When he attends the Australian Open, Ken Rosewall is a distinguished guest.
He is a global legend, one especially cherished in Australia. He’s part of the phenomenal golden generation of Australian male tennis players, the group of marvelously skilled wizards who — from 1950 through 1967 — won 14 of 18 Davis Cup championships, part of a remarkable string from 1946 through 1973 in which Australia and the United States were the only two nations to win the famed international competition. (The United States leads the all-time Davis Cup standings with 32 titles and 29 runner-up finishes; Australia is right there in second with 28 titles and 19 runner-up showings.)
More than being an exemplar of excellence, Rosewall and his Australian compatriots represented the heart of the old-school ethos of tennis, one which holds that if you take the court, you’re fit to play. The Australian ethos also values tennis as rigorous competition, but ultimately fun, something which should be cutthroat as long as the combat is still going on, but which should immediately give way to a cordial handshake at net and — if possible — a beer afterward. Today’s ATP pros might not be that chummy, but then again, the spirit of sportsmanship exhibited by the stars of the present day is closer to the Australian Way than it is to the nastiness of the 1980s and the McEnroe-Connors-Lendl Cold Wars we saw on our television screens.
When Rosewall watches today’s greats do battle inside the white-lined rectangle, he surely appreciates what he sees.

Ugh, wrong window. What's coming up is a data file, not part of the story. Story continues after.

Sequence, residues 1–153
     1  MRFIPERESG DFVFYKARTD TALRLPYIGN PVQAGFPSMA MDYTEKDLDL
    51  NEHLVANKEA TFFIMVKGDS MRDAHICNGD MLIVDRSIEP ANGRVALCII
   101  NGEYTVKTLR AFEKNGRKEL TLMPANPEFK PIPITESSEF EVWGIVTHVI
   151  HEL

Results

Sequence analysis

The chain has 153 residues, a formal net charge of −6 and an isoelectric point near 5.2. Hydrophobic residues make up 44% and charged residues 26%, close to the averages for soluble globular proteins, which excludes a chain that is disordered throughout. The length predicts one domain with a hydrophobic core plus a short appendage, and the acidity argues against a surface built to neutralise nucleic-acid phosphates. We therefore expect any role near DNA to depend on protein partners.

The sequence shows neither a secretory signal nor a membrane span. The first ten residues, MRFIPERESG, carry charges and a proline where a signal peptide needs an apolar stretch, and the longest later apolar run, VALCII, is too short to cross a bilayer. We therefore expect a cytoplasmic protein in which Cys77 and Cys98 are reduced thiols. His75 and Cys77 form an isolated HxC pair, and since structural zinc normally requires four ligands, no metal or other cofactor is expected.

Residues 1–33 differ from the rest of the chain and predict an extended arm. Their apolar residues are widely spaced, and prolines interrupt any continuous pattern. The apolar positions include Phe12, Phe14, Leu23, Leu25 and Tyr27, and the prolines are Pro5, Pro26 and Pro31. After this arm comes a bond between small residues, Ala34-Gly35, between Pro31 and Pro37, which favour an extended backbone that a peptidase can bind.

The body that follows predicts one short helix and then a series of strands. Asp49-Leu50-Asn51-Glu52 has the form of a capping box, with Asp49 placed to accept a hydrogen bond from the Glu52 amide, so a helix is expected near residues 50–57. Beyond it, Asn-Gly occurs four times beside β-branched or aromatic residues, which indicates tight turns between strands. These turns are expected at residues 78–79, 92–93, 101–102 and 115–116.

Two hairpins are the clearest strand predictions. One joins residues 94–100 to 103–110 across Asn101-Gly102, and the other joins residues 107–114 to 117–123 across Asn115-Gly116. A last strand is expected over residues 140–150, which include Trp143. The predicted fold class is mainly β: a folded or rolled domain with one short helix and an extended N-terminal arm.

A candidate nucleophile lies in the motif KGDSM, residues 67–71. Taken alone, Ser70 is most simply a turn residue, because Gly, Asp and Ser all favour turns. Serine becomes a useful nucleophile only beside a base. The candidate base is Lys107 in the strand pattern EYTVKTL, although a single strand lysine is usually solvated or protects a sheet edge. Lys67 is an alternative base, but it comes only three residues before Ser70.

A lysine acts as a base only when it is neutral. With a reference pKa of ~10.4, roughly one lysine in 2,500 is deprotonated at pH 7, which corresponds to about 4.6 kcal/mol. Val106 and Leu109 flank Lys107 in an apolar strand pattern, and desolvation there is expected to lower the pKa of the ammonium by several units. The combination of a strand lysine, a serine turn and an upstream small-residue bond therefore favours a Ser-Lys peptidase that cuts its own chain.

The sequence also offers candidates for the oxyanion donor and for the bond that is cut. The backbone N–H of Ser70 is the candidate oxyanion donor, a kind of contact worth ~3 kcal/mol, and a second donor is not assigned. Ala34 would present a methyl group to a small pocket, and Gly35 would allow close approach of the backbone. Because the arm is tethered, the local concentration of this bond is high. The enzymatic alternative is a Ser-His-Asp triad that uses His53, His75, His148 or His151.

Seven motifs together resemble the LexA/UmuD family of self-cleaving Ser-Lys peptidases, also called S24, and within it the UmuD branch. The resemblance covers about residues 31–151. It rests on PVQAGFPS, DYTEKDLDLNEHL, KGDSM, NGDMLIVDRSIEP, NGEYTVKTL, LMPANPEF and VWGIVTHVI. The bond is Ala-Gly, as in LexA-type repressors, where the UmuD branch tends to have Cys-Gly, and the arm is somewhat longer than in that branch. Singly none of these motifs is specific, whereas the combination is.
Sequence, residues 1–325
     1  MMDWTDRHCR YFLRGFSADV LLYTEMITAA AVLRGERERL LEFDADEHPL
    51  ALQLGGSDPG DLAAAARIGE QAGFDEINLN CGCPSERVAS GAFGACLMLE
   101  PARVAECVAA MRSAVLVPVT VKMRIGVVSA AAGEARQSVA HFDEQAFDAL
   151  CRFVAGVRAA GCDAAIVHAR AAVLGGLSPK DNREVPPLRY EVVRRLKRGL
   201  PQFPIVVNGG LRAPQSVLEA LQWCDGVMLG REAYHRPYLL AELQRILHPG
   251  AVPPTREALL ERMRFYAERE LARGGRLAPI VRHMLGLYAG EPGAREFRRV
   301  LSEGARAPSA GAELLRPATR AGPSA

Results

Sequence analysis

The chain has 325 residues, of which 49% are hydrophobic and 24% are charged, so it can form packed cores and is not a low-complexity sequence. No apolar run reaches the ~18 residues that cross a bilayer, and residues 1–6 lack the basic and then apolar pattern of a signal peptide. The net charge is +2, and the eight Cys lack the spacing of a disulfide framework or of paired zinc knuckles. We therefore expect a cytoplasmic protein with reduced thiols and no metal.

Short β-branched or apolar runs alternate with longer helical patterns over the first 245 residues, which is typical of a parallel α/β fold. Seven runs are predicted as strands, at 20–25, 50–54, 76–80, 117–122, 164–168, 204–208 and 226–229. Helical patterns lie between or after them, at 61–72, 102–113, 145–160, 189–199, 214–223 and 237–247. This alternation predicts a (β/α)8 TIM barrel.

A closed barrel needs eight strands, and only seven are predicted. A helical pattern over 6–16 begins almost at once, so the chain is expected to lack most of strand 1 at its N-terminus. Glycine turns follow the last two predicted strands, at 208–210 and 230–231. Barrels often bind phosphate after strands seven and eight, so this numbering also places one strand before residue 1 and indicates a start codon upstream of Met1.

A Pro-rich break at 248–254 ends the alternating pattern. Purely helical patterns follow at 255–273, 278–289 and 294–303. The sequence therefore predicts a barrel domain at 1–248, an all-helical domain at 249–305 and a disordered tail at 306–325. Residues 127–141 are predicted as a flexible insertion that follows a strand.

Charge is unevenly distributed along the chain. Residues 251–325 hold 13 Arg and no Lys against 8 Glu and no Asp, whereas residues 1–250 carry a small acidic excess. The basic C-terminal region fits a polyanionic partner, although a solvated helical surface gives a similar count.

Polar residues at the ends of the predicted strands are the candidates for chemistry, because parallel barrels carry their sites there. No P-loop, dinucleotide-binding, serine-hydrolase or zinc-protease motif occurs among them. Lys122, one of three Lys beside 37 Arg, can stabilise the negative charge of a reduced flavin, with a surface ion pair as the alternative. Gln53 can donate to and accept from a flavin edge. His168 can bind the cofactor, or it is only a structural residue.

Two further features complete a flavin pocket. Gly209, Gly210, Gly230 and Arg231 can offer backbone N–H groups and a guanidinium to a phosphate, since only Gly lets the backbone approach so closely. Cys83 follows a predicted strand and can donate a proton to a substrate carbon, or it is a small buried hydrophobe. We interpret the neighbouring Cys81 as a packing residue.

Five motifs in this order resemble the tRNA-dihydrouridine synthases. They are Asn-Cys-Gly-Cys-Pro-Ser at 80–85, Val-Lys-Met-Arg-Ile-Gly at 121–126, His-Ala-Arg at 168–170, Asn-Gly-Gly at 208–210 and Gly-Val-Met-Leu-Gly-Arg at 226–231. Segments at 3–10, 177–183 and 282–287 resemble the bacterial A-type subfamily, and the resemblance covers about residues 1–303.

One hopes that the 2015 Wimbledon men’s singles final between Novak Djokovic and Roger Federer will help younger tennis fans to appreciate Rosewall. This is a brief attempt to pay tribute to Rosewall’s accomplishments and the place in tennis he deserves to maintain as a result of them.
Why say that Rosewall is a “distinguished guest” when he attends the Australian Open courtside? It might be a generic term bereft of specific meaning, but the point to emphasize is that the central court at Melbourne Park is not Ken Rosewall Stadium, but Rod Laver Arena. Laver can be said to be a true host — when a building is named after you, such is the reality of things. Rosewall lives in Laver’s shadow — not unhappily, but certainly in a larger tennis sense. Laver had the nerve and indecency to win the calendar Grand Slam twice — once in the amateur era of men’s tennis (1962) and then seven years later, in the Open Era of the sport (1969). That double-feat by “The Rocket” represents the seminal achievement in men’s tennis history, replicated seven years apart. That’s why Laver has the building name and Rosewall — with “only” eight major titles and eight more major runner-up showings — is a distinguished guest in Melbourne.
Rosewall’s career was and is — and should always be remembered as — an extraordinary one. We’ll get to that very shortly. Yet, he is improbably boxed in by circumstance and contemporary talents who outshone him. Laver is the most accomplished Australian male tennis player of all time. (Margaret Smith Court is the most accomplished Australian player of all time, period.) In terms of raw ability, the man often brought up as the most gifted Australian player ever is Lew Hoad.